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Mobile parking app downed by San Francisco city authorities

Parking spaces in San Francisco will once again be first-come, first-served after an app that allowed residents to buy and sell spaces disabled its service at the behest of the city’s authorities.

Related: San Francisco parking apps facing legal battle

Rome-based MonkeyParking was forced to shutter its app after being served with a cease and desist letter by the City of San Francisco that made it clear it could cost $2,500 [£1,500] every time the rules are violated.

“We are working to avoid any possible improper use of our service and provide a positive tool for the City of San Francisco and its inhabitants,” read a blog post from the company.

San Francisco first moved to ban the app at the end of last month due to the fact it facilitated a “predatory private market for public parking spaces” and the cease and desist letter gave MonkeyParking up until today to stop operating in San Francisco.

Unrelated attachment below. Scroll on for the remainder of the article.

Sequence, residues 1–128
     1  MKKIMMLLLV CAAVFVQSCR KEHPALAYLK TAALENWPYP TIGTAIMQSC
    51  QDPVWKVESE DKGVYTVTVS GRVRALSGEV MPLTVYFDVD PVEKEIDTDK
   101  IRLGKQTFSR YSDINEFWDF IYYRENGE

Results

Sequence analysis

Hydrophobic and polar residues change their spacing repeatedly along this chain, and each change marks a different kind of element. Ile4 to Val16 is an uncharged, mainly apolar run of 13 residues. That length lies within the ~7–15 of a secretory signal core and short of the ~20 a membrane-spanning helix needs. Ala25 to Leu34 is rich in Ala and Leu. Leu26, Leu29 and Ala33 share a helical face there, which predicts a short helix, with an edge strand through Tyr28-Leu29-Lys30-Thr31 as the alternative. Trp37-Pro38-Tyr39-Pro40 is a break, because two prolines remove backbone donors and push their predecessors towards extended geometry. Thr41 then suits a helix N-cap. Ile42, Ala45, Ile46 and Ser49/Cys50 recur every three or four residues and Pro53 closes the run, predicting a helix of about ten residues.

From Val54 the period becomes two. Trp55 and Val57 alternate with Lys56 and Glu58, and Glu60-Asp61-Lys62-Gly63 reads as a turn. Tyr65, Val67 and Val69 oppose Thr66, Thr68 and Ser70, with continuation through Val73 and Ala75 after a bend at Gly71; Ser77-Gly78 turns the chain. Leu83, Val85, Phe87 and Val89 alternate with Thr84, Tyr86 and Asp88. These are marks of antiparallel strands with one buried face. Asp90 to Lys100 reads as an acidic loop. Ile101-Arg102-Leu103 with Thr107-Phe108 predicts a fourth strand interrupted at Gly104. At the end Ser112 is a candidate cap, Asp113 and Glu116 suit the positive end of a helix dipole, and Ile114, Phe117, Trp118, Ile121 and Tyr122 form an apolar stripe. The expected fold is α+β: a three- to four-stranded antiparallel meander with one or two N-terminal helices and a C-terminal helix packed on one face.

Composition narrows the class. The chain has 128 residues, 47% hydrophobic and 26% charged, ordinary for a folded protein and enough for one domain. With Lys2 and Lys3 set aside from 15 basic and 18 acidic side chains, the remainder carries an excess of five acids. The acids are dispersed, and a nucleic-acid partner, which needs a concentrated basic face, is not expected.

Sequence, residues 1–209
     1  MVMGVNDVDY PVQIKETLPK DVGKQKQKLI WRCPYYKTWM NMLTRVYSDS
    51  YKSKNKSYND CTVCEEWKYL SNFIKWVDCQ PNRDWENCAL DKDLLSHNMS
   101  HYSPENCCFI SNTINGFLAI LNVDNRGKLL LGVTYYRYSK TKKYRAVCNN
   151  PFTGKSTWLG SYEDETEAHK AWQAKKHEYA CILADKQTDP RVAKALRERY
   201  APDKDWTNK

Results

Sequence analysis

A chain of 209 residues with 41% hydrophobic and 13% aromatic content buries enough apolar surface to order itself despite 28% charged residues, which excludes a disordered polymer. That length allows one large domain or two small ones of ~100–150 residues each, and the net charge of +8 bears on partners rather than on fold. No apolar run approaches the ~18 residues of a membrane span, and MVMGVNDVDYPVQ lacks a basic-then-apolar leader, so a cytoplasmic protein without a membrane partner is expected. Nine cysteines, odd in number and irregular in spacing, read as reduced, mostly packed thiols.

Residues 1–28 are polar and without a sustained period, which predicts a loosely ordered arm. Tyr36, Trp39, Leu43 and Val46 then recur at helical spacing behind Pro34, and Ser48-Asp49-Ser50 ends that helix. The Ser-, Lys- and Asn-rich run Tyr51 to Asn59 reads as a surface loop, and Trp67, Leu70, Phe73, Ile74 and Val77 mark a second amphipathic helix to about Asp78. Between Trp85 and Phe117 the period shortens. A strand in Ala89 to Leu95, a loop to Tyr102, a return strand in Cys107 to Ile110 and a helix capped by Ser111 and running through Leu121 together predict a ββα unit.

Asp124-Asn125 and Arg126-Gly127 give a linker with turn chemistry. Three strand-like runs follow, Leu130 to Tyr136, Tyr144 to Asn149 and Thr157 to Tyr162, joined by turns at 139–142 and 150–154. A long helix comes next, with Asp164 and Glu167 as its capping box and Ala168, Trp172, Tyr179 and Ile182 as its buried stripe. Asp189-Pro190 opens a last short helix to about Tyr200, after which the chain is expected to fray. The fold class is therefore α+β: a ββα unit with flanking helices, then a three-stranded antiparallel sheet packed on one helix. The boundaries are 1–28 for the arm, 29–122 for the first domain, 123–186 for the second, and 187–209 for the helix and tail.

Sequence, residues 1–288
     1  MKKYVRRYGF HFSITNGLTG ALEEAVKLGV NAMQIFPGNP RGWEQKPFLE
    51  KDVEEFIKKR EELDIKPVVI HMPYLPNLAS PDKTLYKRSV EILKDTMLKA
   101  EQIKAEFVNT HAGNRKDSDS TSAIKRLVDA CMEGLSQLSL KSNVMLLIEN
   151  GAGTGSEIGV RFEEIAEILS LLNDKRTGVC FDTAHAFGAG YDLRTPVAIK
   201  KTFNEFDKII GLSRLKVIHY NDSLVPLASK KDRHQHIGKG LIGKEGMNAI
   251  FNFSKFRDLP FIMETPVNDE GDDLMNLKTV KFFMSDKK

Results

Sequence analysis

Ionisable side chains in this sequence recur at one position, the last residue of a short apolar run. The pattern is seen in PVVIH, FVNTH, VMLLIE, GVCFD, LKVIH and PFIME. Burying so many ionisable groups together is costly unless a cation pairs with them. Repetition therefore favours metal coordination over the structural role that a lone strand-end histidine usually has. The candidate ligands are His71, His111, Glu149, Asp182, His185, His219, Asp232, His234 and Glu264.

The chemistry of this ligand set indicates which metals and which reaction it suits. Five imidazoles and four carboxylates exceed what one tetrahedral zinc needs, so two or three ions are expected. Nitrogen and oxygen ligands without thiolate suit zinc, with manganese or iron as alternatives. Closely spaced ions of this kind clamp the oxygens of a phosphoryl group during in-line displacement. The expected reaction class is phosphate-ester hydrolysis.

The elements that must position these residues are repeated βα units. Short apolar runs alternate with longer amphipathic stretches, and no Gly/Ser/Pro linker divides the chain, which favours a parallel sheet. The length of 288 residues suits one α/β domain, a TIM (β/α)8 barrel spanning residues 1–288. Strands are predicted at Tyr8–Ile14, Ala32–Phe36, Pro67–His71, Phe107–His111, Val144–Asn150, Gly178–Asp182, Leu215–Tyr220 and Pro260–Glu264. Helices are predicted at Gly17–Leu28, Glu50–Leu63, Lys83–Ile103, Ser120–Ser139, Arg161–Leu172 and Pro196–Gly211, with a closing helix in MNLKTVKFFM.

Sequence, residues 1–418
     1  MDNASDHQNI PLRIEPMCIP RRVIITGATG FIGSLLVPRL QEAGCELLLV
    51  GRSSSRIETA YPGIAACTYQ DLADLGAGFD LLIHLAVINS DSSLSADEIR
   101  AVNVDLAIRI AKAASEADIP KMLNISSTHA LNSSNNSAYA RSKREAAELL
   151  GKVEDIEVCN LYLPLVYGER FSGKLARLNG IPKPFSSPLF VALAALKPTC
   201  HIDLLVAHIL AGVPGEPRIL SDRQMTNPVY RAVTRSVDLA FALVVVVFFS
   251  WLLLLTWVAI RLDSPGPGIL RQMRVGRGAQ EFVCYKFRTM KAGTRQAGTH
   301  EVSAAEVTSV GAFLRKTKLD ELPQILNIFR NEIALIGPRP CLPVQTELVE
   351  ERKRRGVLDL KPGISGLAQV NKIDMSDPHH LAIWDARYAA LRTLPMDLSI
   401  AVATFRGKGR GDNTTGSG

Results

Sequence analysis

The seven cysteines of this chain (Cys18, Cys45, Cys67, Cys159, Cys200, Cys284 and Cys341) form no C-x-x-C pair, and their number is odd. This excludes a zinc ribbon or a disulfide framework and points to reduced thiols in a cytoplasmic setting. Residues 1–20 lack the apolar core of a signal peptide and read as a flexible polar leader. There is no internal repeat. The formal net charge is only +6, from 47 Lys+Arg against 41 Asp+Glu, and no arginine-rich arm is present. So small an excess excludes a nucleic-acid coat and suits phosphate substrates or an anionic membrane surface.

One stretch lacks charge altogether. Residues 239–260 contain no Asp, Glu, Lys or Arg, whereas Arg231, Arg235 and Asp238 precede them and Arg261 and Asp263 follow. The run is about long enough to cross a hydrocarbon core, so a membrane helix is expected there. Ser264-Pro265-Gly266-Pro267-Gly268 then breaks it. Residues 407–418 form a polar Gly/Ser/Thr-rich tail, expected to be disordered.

It was also rumoured that San Francisco city authorities were thinking about fining those people using the service as well as MonkeyParking itself.

Two other firms that offer parking space sales in San Francisco – namely Sweetch and Parkmodo – are also affected by the ruling, according to the BBC, and Parkmodo has already suspended its service whilst continuing to operate in New York and Chicago.

Sweetch, meanwhile, is still running its service as it doesn’t provide an auction and instead users pay a single fee for information and can only pay for the service using credits built up within Sweetch or ask the company to donate to charity.

MonkeyParking is still operating in Rome and it is “reviewing” the situation in San Francisco before attempting to relaunch the service at some point in the future.